Tightening makes things harder. That’s the whole point: the Fed is supposed to step back from buying bonds and start raising rates to let the economy stand on its own, for starters, and then to fight inflation from hot growth. Tightening makes it harder for large-cap stocks to issue new debt, carry the debt they have, and spend confidently on growth. It tamps things down.
But no one in the market wants things tamped! Traders want this endless bull market to continue. And there are oodles of reasons to argue that inflation, while clearly present, is not because of hot growth but because shipping is all messed up, or there aren’t enough truckers, or ongoing COVID supports are screwing up the job market, or Brazil is having a terrible drought, or energy prices are spiking because of Brexit or low water levels in Norway, or or or. Those alternate explanations give traders a reason to fight tightening (that isn’t just We want more easy portfolio returns) and give the Fed an excuse to backtrack if needed.
Now the inflation question is a very real one. I don’t remember where I read it but in an article on the petrol shortage / soaring energy and natural gas situation in the UK and Europe right now, someone commented: There’s a limit to how many price shocks we can continue to describe as one-offs. The comment really resonated with me. We’ve seen price shocks in lumber, copper, met coal, natural gas, and now oil in the last year, to name a few; at some point they stop being coincidental and become connected.
With these thoughts in my head, I found the set of charts below, courtesy of Canaccord, interesting. They show how capex – spending on new production – has been sideways for gold since the bear market and has fallen in a wave pattern over the last ten years for both oil and copper. Prices, meanwhile, are headed the other way. The analysts presented the chart as part of an argument that low/falling capital spending across the commodity space has set the stage for higher prices – inflation if you will – because growth has not been built in.
And with prices now surging on the energy front the impacts are very real: higher energy prices hit the bottom line for everyone, from households to huge businesses, and so have real potential to slow growth. The chart below shows the price for natural gas for delivery within a month in the Netherlands. That’s a ramp, alright.
Inflation from structural forces (insufficient capital investment, for instance) persisting and stymieing growth – that, my friends, is stagflation. Inflation without growth is a dangerous combination because it erodes purchasing power without delivering the growth that creates new jobs and enables higher pay.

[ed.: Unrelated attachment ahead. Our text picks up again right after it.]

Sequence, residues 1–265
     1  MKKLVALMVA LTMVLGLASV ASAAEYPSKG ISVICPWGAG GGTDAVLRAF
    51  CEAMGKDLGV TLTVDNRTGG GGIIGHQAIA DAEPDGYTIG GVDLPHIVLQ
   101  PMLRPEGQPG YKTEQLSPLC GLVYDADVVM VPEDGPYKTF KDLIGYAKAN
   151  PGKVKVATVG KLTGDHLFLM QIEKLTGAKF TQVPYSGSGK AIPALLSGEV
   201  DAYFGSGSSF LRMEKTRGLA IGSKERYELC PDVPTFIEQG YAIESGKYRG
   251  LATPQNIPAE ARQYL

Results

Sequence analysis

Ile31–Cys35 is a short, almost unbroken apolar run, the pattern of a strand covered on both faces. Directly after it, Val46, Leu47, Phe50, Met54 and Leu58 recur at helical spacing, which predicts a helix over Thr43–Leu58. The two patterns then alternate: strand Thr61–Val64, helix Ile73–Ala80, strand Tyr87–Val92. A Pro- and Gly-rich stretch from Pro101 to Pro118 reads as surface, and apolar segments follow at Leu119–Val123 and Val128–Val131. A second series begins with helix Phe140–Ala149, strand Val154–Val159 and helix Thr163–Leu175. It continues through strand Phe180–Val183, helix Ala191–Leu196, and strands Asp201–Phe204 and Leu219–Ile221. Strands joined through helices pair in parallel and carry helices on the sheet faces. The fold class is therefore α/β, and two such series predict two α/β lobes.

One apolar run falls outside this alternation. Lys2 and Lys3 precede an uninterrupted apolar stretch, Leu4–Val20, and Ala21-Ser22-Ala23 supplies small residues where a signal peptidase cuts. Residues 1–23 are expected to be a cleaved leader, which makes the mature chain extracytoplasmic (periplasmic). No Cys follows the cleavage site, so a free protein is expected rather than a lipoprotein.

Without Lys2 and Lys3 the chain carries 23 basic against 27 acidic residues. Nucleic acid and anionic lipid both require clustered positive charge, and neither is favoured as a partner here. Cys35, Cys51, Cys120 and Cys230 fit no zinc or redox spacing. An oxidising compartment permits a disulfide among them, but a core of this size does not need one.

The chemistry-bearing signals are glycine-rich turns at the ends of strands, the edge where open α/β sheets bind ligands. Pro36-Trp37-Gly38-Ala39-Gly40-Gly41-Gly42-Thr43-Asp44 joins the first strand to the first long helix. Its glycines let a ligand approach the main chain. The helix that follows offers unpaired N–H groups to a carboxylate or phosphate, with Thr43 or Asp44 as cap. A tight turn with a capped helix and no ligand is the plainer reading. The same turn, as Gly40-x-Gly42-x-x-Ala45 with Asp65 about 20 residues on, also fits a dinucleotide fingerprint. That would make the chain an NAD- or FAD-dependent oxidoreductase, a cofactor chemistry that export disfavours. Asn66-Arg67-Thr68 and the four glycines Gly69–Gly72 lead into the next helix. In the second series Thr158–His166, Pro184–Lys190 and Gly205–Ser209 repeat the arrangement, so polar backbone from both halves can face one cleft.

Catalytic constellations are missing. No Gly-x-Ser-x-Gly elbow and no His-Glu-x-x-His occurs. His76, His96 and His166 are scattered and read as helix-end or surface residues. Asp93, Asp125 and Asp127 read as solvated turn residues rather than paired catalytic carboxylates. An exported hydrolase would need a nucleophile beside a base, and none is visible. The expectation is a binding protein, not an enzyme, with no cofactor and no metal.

I don’t know if we’re heading to stagflation but it’s certainly a possibility. And it would be great for gold.
To not end up in stagflation, we have to either:
- Have growth alongside inflation, as we have had. Gold would work here in its longstanding role as an inflation hedge. It would work especially well if market tantrums keep tightening limited in such a situation, as that would keep real rates well and truly negative.
- Have neither inflation nor growth. This seems unlikely from where we stand today unless the Fed charges ahead with tightening no matter the consequences. The way the yield curve flattened after Powell outlined his taper timeline suggests traders do not think the economy can support that much tightening. And that’s just tapering. This would be mixed for gold: good with initial tightening, bad with further tightening, then good again as the proverbial crap starts hitting the fan.
To bring this all back to where I started: all of these possibilities will play out over the next 12 months. The outcomes range from mixed (with the least likely scenario) to good to very good for gold. And 12 months is the timeframe in which past patterns suggest gold should make its next move up.
As my friend and I worked through all of this together, we got happier. Why? Because we are in. Of course, we want the gold market to start tomorrow but renewing our confidence that it 7 will very likely start in the next 12 months means our gold-leaning portfolios will shine, as will every portfolio that is in gold.
Rick Rule has kicked out a lot of memorable quotes over the years and one comes to mind now: First comes the easy money – you just have to be in. Next comes the big money – for that, you have to stay in. As for what to do while we wait… Uranium?!? I joke, but I’m also serious. I think uranium could well run over the next 12 months and, in doing so, would fill the gap until gold is once again good.